My Belief is Their Superstition: Rethinking Belief Systems

By José Armando Fernández Guerrero

“Hazte pa’alla.”


“¡Que pongas los pies pa’ acá y la cabeza lejos de la puerta!”

For some reason, my child self found pride in annoying his elders. In this scenario – a hallmark of my life as a little rascal – my mother commanded me to tuck myself in bed with my head as far as possible from the door. I was 3 or 4 and asked why she insisted on this. “Sino no vaya a ser que se meta un ratero,” she would always answer. If not, perhaps a thief will creep into the room. Seems legit, right? She was my mother, so I eventually obeyed. Her word was final regardless of the explanation. With enough repetition, her explanation actually became completely logical to me. And thus, I internalized this thought-process over the next 17 years.

Let’s fast-forward. Now I am 21, no longer living in Mexico, and the final word is now mine. I realize that several of my habits are just unusual to others. Similarly, many of the new behaviors I encountered were strange to me. Dinner is not at 10pm, meat isn’t in every meal (no, chicken does not count as meat), and people can wear sweatpants and a T-shirt to class. Admittedly, these are rather superficial habits, because they do not interfere directly with one’s logical thought-process. Superstitions, on the other hand, are habits that have more control over our actions and our way of making sense of the world.

This semester, I realized once more the far-reaching degree of control my own upbringing has had on my understanding of the world. In my new room, I daringly decided to sleep with my head closer to the door, so I would be closer to the window with a nice view. I dismissed my mother’s advice and I slept perfectly fine. My mother is antiquated; why does she hold onto this belief?

The following morning, I went downstairs, had breakfast, got ready and picked up my wallet. But I could not find any cash in it… What the fuck? Where’s my money? I’m not the kind to lose money, or anything, really… Then it hit me. I left my door unlocked at night and someone must have come in. ¡Un ratero! A thief! It’s true! I’m never sleeping in that God-forsaken position again! ¡Un puto ratero entró a mi cuarto! Which one of my trusted housemates is an unscrupulous thief? Needless to say, I remember nothing from lecture that day.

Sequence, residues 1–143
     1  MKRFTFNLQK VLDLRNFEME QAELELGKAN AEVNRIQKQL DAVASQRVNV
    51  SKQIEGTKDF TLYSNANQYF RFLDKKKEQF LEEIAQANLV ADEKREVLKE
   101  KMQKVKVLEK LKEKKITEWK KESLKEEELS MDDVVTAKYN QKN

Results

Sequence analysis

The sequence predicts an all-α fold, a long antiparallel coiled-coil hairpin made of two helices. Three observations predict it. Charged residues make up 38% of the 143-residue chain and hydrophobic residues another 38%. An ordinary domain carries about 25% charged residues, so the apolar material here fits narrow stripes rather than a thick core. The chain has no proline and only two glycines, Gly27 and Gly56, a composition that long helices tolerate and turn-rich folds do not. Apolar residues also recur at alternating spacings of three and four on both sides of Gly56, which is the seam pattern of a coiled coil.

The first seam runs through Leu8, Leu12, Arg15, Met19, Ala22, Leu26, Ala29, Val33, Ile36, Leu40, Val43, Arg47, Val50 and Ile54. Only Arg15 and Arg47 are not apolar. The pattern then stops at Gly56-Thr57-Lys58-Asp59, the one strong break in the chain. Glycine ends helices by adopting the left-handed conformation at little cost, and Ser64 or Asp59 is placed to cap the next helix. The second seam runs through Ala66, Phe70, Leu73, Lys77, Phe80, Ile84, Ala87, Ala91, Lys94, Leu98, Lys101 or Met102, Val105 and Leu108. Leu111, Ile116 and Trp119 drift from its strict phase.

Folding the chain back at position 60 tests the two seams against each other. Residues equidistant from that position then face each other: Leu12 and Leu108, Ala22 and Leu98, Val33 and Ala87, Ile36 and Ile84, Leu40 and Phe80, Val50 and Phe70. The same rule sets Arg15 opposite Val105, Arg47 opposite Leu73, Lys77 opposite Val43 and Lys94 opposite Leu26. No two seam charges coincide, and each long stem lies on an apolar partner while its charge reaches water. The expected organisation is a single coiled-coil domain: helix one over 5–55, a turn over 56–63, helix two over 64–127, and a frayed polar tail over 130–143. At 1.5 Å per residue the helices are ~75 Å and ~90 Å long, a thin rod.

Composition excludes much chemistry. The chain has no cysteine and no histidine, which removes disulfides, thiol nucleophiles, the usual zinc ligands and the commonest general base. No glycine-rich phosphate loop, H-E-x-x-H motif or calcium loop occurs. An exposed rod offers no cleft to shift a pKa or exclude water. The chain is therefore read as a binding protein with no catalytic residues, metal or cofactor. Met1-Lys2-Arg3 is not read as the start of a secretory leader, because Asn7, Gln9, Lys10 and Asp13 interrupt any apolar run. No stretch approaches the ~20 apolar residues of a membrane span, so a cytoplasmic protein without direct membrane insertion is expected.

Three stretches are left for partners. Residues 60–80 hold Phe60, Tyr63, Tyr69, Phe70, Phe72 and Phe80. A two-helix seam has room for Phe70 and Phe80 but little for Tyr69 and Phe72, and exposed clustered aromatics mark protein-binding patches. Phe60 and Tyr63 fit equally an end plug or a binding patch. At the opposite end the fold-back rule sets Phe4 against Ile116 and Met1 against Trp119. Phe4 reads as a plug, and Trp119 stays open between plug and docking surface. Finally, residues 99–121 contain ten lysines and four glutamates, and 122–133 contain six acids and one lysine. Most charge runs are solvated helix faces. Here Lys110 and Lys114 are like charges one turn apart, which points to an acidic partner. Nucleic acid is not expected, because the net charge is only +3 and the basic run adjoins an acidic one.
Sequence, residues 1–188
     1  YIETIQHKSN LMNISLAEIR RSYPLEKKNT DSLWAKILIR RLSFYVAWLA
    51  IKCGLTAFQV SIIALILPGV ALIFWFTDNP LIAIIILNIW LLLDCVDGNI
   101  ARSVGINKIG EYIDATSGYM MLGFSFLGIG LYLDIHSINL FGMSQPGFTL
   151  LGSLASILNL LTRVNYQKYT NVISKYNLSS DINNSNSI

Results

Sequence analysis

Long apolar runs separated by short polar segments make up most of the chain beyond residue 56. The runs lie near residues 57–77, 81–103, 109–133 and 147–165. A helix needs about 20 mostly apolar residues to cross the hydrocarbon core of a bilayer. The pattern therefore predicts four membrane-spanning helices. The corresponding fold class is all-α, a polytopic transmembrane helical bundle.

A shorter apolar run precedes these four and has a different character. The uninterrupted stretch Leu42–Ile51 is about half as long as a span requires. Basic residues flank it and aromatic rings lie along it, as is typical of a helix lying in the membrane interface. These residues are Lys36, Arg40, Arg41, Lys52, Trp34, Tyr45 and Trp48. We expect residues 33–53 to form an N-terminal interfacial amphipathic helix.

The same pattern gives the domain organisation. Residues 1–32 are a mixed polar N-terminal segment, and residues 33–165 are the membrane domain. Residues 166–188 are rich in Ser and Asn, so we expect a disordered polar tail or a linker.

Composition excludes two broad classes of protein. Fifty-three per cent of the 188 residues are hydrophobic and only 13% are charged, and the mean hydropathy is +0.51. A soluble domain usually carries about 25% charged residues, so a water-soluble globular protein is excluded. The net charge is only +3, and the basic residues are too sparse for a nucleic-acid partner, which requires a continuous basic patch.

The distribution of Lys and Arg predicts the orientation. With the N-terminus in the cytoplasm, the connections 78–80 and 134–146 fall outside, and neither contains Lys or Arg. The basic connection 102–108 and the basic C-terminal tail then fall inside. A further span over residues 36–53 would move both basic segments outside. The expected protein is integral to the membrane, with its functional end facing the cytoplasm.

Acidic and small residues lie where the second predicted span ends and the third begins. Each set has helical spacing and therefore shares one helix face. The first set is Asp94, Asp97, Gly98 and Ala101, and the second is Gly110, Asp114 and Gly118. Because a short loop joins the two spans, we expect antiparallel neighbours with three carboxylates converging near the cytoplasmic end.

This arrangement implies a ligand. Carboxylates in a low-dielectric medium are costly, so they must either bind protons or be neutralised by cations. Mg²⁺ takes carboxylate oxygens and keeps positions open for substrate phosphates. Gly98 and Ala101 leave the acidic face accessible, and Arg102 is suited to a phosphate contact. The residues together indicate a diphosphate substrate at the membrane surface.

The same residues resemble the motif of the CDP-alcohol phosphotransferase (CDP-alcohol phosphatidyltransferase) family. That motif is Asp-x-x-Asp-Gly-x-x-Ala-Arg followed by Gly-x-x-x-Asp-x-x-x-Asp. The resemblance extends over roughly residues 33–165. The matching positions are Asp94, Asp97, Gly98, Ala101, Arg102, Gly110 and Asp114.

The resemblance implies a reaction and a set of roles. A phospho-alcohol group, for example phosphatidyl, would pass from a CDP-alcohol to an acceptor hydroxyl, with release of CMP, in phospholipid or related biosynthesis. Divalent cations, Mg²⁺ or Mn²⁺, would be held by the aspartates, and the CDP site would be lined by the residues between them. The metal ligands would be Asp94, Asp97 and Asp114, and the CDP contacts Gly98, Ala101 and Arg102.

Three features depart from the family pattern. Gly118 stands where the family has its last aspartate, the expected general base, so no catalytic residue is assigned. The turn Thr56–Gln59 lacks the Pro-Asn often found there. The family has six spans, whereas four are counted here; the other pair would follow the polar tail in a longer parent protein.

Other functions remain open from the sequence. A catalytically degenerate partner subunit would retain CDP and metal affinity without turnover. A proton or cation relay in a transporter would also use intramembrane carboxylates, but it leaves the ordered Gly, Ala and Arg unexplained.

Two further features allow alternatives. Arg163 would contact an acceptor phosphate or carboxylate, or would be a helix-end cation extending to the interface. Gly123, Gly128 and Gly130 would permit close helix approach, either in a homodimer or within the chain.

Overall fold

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Art by Tatiana Malkin

A few days passed, and I locked my door constantly. It wasn’t until my house’s first meeting that the mystery was revealed. When our house Treasurer began “Thank you for those who paid the activity fee…” Bam! That’s where the money went! The deposit, which I had paid long ago, added up exactly to the cash I thought was stolen. Never had I felt so relieved that I was wrong.

Needless to say, I had instinctively jumped to the conclusion a thief was responsible because of the position I’d slept in the night before. My mother’s advice, which one would objectively deem as superstition, was deeply rooted in my thought-process, but all I needed was a situation to apply it to. The word superstition has its roots in the Latin word for “prophecy” or “foretelling,” and indeed my superstition was a self-fulfilling prophecy. It’s an example of a belief I have inherited and ingrained into my psyche. This experience makes me wonder now: how many more beliefs, including my religion, can be reduced to illogical habits of the mind passed on through the generations? How often do I hypocritically dismiss someone else’s beliefs as superstitions?